In the modern era of lean business applications, the idea of employees bringing their own device into the workflow makes perfect sense. Allowing private devices to be used for business applications negates much of the initial hardware expense, allows for private ownership over security, and even promotes a genial feel to organizational hierarchy.
That being said, bring-your-own-device, or BYOD, is perhaps the greatest security threat to the modern corporation, and unfortunately, it’s almost never considered as such. The allure is strong, and in the rush to adopt what seems like a great idea, these security failures inherent to the concept are often ignored, resulting in dramatically increased threat and vector for a multitude of attacks.
Today, we’re going to look at the risk inherent in the BYOD system. We’ll discuss how to perform a Security Risk Assessment via a simple supplied rubric, and how to consider this within the greater scope of Data Management.
Inherent Risks in BYOD
To understand why BYOD has a set of inherent risks, we first need to look at what makes the concept so attractive. We can sum this up in the following bullet points:
- BYOD allows employees to use their own semi-private devices;
- BYOD allows for less strict device management, minimizing feelings of “company property” and replacing them with “communal property”; and
- BYOD allows employees to feel a sense of personal duty and ownership.
These are the three main selling points broken down into their simplest forms. Unfortunately, they are also the three main security threats inherent in the system. Fundamentally speaking, BYOD is a security risk because:
- Blurred Lines - semi-private devices blend personal use with professional use, resulting in higher access permissions between personal and professional resources. This has the effect of reducing your sum-total security to the lowest level of the employee themselves;
- Inefficient End-of-Life Tracking - less strict device management means that you might have difficulty tracking devices, and even if you effectively track them, you face dramatic overhead in doing so at the end-of-life cycle; and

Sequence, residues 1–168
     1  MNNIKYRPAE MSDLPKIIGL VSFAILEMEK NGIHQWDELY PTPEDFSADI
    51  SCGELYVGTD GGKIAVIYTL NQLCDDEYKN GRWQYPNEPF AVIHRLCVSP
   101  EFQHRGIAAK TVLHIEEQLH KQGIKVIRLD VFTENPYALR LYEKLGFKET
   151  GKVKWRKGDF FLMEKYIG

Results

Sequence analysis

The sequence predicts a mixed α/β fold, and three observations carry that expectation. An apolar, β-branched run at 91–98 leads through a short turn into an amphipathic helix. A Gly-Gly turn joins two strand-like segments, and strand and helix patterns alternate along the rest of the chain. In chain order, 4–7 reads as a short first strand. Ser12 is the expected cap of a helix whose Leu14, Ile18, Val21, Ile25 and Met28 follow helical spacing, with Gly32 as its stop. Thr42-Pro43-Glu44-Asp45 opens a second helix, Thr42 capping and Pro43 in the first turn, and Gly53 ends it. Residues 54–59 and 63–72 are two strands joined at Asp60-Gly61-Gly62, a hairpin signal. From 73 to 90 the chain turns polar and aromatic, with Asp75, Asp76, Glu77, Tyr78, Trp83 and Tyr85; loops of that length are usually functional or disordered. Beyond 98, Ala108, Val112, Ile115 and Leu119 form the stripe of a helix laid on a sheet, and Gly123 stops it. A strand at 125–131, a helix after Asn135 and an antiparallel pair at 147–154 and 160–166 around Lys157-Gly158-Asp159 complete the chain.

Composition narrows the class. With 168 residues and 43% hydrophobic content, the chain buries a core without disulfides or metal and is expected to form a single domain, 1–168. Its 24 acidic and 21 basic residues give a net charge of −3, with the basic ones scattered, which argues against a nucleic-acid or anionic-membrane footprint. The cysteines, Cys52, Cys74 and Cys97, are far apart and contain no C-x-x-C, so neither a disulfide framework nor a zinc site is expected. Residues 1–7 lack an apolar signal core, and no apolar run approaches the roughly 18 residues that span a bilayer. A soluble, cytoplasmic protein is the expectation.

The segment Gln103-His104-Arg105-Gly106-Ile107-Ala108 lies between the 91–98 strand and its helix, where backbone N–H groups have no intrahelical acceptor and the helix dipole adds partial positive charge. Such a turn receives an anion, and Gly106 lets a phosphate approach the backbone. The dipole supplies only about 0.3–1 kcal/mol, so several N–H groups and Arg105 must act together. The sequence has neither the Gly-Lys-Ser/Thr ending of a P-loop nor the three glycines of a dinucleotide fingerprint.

- Lax Culture - personal duty and ownership might result in lax security, as the common feeling of “good enough for me, good enough for work” prevails.
Let’s take a look at each of these points generally speaking.
Security is only as good as the lowest level in a system. This has the unfortunate side effect in the BYOD environment of either enforcing a carte blanche security policy for everyone or in demanding additional security policies for specific systems, such as VPNs and document access.
This is a balancing act, of course - if you enforce a blanket security policy, you might as well not use BYOD at all, and the conversion of personal devices to professional ones might have serious implications. For instance, if you demand a personal device adhere to certain rules and stipulations when used by a contractor, you’re actually doing something that might make them considered an employee, and that has serious tax and legal implications down the line.
On the other hand, if you enforce policies only for specific applications, you’re dramatically increasing your own overhead for management. You not only have to check each device’s security settings, you have to audit to ensure compliance, and train your staff for each individual security change. You’re negating much of the BYOD benefit.
Inefficient End-of-Life Tracking
Data, by and large, is not generally exposed during its lifetime. While breaches do occur, the lion’s share of data breaches happens during the storage phase, and in terms of physical hardware, during the end-of-life phase due to improper data wiping or disposal.